“I had anticipated your Lordship’s affirmative decision in the matter and have already purchased the jars at a much reduced figure - bearing in mind that the young man in whose possession they were until yesterday was recently apprehended whilst poaching out of season pheasant in the park. Promise of a word on his behalf to Constable Southgate and the jars were immediately delivered to the stables - where they await your Lordship’s inspection.”

          “And the labels?”

          “Milord, I further took the liberty of having them designed and set. The proofs arrived by courier this morning. They await your Lordship’s approval in a large buff envelope on the library desk. And now, Milord, if you will excuse me, I must re-visit the gardens to set matters in train.” 

          Parsons backs smoothly from the presence and Biffo mops his brow.

          “No doubt about it, man’s a gem. What on earth would I do without him?” 

          It is with a distinct lightness of step that he and Tessa head for the stables to reverse his father’s stately 1938 Wolseley 25/30 into the stable-yard.

          “Pangleton and smoked salmon canapés here we come!” Biffo twinkles to himself, “Damned stiff gin and tonic or three as well, thank Heavens.” 

          The old car positively purrs along. Biffo fumbles in the glove compartment for a Bendicks Bittermint – Tessa’s favourite treat. The voles are in the hedgerows, the lark is in the sky, so to speak. God is in His heaven, and everything is absolutely spiffing in His Lordship’s world.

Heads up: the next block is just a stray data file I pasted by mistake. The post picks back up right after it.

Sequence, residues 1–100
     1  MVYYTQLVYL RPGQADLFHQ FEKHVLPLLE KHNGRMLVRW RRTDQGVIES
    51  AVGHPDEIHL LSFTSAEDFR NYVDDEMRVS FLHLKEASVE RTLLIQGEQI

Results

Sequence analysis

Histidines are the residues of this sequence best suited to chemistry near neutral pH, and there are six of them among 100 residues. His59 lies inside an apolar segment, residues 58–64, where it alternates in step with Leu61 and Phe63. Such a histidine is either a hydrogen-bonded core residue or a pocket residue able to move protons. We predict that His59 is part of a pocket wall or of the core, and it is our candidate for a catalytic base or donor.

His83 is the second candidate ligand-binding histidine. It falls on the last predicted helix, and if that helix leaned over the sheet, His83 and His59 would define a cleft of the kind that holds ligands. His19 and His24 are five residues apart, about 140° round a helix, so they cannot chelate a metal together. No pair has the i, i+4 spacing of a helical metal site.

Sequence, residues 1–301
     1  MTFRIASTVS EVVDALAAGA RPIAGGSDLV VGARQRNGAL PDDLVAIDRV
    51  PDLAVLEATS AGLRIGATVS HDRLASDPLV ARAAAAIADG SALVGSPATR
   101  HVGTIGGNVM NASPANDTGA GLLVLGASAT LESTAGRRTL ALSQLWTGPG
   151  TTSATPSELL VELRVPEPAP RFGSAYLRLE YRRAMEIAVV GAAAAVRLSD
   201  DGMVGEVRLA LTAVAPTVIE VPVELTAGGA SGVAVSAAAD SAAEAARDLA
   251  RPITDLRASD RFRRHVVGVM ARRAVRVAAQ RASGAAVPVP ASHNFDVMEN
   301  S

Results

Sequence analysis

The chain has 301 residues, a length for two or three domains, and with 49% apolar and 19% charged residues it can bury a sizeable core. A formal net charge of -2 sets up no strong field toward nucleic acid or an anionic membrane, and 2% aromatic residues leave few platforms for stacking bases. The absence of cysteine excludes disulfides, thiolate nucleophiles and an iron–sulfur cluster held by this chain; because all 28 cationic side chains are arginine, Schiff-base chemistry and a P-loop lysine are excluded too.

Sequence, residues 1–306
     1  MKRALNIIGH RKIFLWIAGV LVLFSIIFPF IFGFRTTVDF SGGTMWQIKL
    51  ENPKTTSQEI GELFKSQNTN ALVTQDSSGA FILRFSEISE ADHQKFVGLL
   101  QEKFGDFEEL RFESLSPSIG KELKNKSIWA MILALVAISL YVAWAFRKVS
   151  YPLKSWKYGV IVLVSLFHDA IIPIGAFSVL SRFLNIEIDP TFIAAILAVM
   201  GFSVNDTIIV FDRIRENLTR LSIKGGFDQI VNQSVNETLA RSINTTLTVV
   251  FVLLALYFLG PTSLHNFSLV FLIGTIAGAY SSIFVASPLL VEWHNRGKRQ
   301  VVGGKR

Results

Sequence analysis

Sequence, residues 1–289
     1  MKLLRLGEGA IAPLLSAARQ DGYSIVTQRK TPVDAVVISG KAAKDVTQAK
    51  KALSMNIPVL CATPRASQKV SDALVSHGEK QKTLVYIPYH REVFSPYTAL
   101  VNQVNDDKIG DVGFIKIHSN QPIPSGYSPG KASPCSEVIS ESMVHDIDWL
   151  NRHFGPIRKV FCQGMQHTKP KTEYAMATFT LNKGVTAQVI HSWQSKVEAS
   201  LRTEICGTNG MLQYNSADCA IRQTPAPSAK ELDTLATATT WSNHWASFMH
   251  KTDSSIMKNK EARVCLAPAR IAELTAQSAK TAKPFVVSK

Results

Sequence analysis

Sunday, June 16, 2013

Chapter 26


Recent brief mention of Biffo’s favourite vegetable renders failure to recount the story of ‘Parsons and His Lordship’s Asparagus’ unthinkable. For us at Amblewick it is a tale as fresh today as it was when first we became aware of it. It is perhaps the sturdiest record of how the formidable relationship of a gent with his man has blossomed so luxuriantly during the course of more than sixty years.

          It is also interesting because it recalls the very first time that Biffo and Julian interact – rather than having a vague awareness of each other’s presence – as in two pieces of Estate Furniture. We give it to you as it came to us……


          Biffo rises from a leisurely breakfast in the Morning Room, lights his pipe and dawdles contentedly out of the French windows and into the rose garden. The day is unfolding as days should and the prospect of lunch with Corrie at Pangleton lies tantalisingly ahead. 

          He and Tessa ‘The Nose’ potter towards the main gardens beyond the lake. He loves that first view of the smooth green Long Avenue sweeping upwards two hundred yards to the maze. In high summer, on either side of the avenue, banks of stately Dahlias, Delphiniums and Red-hot Poker soar; backed by Lilac and Magnolia and softened by Love-in-the-Mist and spreading carpets of Aubretia  – hither and thither, butterfies, wild Forget-me-not and Pheasant’s eye - on this spring day, a mass of daffodil, crocus, tulip, narcissus, and lush new green. For her part, Tessa, untroubled by seasons, pays surgical attention to the silvery sorrel; nibbling at the freshest shoots amongst the flowers. This kaleidoscope of ever-changing colour never fails to magic Biffo – sheer Amblewick Heaven. Moments later his greatest joy - baby asparagus spears peeping cheakily from long, raised beds concealed behind the flowers. He gazes at them fondly, and shortly is relieved to be joined by Harry Richardson, his head gardener - rather than by the dreaded McCormack-Judd - new to the job and chock-full of scientific theories of modern gardening which leave his employer cold. Biffo is all respect for the man’s talent with asparagus and other vegetable varieties - it is the fellow’s attitude which rankles.